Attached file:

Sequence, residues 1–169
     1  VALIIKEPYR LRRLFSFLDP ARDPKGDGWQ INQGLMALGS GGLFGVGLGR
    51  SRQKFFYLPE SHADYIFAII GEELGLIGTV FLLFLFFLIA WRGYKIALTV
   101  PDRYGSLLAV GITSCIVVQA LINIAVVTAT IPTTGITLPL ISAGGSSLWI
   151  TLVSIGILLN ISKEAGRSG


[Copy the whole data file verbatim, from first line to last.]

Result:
Sequence, residues 1–169
     1  VALIIKEPYR LRRLFSFLDP ARDPKGDGWQ INQGLMALGS GGLFGVGLGR
    51  SRQKFFYLPE SHADYIFAII GEELGLIGTV FLLFLFFLIA WRGYKIALTV
   101  PDRYGSLLAV GITSCIVVQA LINIAVVTAT IPTTGITLPL ISAGGSSLWI
   151  TLVSIGILLN ISKEAGRSG